Borders Group CEO Bennett LeBow moving to boost ownership in Ann Arbor-based book store chain
The tobacco executive and investor who became CEO of Borders Group Inc. last month is positioning himself to gain more control of the Ann Arbor-based book store chain.
Bennett LeBow is moving to acquire a stock purchase warrant giving him the right to purchase an additional 35.1 million shares of the company's common stock, according to a news release. He bought 11.1 million shares, or 15.5 percent of the company, in May and was appointed CEO and chairman in June.
LeBow, the company's largest individual shareholder, has not yet spoken to the media or said anything publicly about his vision for the struggling company. But he's widely considered an activist investor.
LeBow took over as CEO of Borders Group in June. Mike Edwards, CEO of Borders Inc., a division of Borders Group, reports to LeBow.
If LeBow acquires 35.1 million additional shares, Borders shareholder and New York hedge fund Pershing Square Capital Management would receive an additional 8.6 million warrants, giving it 26 million total.
If all those warrants were excercised, LeBow would own 35 percent of the company, and Pershing would own 31 percent, Borders spokeswoman Mary Davis said in an e-mail.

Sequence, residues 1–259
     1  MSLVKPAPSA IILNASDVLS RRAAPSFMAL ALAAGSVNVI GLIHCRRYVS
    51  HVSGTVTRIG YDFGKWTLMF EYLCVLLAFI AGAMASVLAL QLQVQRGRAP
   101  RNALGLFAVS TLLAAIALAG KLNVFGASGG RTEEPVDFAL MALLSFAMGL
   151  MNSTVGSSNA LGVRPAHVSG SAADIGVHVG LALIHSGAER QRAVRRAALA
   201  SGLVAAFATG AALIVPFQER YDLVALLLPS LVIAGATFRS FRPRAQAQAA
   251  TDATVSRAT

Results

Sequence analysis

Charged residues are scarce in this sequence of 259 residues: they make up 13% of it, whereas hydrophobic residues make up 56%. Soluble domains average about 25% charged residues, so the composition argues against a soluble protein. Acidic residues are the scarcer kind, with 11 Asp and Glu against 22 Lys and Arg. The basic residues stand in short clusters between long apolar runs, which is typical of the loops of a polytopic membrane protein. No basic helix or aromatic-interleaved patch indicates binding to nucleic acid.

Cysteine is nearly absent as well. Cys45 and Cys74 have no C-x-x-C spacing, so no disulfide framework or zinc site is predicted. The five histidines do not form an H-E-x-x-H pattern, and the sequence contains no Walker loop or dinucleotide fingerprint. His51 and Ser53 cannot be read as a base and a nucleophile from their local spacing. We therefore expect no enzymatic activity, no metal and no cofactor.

Terms of the proposed transaction, structured through the investor's LeBow Gamma Limited Partnership, were included as part of LeBow's original agreement in May to invest $25 million to buy the 11.1 million shares.
Shares of Borders' stock (NYSE: BGP) were up 5.38 percent to $1.37 at 3:01 p.m., though they were trading higher earlier in the day.
will vote on the warrant's issuance at a special meeting Sept. 29. It's unlikely
voters will reject the proposal due to the structure of the original
deal, which would award stock appreciation rights to LeBow if the proposal is rejected.
Shareholders will also be asked to approve a provision that would require the LeBow Gamma Limited Partnership to approve changes in any of the company's top executive positions.
Borders, which is struggling to return to profitability, faces a tenuous long-term future as an independent retailer. In March, the company dodged a bullet by renegotiating its credit facility and paying off a $42.5 million loan to New York hedge fund Pershing Square Capital Management.
The company has recently devoted significant attention to its new electronic books plans. The company yesterday launched its new eBook store, created by Toronto-based Kobo Inc., and said the new Kobo eReader has "surpassed sales expectations."Contact AnnArbor.com's Nathan Bomey at (734) 623-2587 or firstname.lastname@example.org. You can also follow him on Twitter or subscribe to AnnArbor.com's newsletters.